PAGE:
LUPÉ — featuring the Sambistas, a Brazilian drumming corps, Kinkaviwo, a Ghanaian drum and dance group and Tambotoke´, an Afro-Cuban group — was selected the winner of the PAS-sponsored World Percussion Competition from among submitted video tapes. The competition is open to high school and college/university ensembles performing non-Western percussion-based music. Lawrence’s submission was from its March 2014 concert in the Lawrence Memorial Chapel.

LUPE_newsblog2Richeson called the competition victory “a testament to the dedication and hard work our students put into learning these music traditions from Brazil, Ghana and Cuba.

“Many of the student directors of our ensembles have received grants to travel to these countries and study with master musicians similar to the ones I have had opportunities to study with during my sabbaticals there,” he added. “It fills me with pride to see our students embrace this music as if it was from their own culture.”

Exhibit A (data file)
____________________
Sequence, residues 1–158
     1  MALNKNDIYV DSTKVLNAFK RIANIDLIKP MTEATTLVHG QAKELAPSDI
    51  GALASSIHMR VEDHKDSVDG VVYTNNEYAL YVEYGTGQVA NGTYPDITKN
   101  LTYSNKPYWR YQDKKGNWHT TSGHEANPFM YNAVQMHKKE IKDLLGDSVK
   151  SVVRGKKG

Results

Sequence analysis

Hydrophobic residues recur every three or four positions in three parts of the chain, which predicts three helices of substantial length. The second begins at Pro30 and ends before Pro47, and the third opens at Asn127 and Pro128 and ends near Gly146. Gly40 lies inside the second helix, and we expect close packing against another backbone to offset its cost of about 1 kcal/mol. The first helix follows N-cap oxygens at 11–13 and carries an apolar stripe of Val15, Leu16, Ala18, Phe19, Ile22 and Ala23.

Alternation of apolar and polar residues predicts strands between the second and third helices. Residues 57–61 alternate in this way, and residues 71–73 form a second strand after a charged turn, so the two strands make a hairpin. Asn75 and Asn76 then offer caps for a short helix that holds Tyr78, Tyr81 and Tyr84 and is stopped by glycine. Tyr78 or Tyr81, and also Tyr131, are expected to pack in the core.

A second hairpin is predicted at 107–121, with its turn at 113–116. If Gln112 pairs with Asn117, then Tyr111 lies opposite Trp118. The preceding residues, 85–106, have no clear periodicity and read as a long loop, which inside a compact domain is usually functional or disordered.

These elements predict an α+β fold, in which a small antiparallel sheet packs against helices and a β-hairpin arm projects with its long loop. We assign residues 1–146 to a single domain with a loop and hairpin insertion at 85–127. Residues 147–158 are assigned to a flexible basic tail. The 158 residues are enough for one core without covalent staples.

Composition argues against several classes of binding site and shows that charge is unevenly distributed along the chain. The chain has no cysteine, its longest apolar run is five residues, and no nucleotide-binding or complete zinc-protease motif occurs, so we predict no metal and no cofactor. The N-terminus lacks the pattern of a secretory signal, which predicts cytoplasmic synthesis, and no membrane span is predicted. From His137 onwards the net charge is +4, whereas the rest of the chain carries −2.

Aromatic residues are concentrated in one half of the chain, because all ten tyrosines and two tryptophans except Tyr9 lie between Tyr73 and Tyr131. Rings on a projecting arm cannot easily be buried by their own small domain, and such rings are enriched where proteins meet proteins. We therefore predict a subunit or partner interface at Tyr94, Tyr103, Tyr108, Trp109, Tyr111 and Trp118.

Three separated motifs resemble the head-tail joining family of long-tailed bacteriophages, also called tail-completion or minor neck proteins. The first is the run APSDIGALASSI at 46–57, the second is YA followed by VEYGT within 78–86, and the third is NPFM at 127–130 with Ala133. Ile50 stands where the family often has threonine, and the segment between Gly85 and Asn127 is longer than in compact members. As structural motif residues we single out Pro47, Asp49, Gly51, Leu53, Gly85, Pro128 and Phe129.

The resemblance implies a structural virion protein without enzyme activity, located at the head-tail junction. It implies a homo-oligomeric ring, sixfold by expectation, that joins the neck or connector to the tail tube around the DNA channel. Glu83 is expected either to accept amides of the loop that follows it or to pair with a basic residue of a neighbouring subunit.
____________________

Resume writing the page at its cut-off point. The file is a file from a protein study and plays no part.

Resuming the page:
The Percussive Arts Society International Convention is the world’s largest percussion event, featuring more than 120 concerts, clinics, master classes, labs, workshops, panels and presentations. Ensembles from the University of Kentucky, Oklahoma State University and Yale University will join LUPÉ as performance winners from other PAS-sponsored competition categories.

About Lawrence University
Founded in 1847, Lawrence University uniquely integrates a college of liberal arts and sciences with a nationally recognized conservatory of music, both devoted exclusively to undergraduate education. It was selected for inclusion in the Fiske Guide to Colleges 2015 and the book “Colleges That Change Lives: 40 Schools That Will Change the Way You Think About College.” Engaged learning, the development of multiple interests and community outreach are central to the Lawrence experience. Lawrence draws its 1,500 students from nearly every state and more than 50 countries.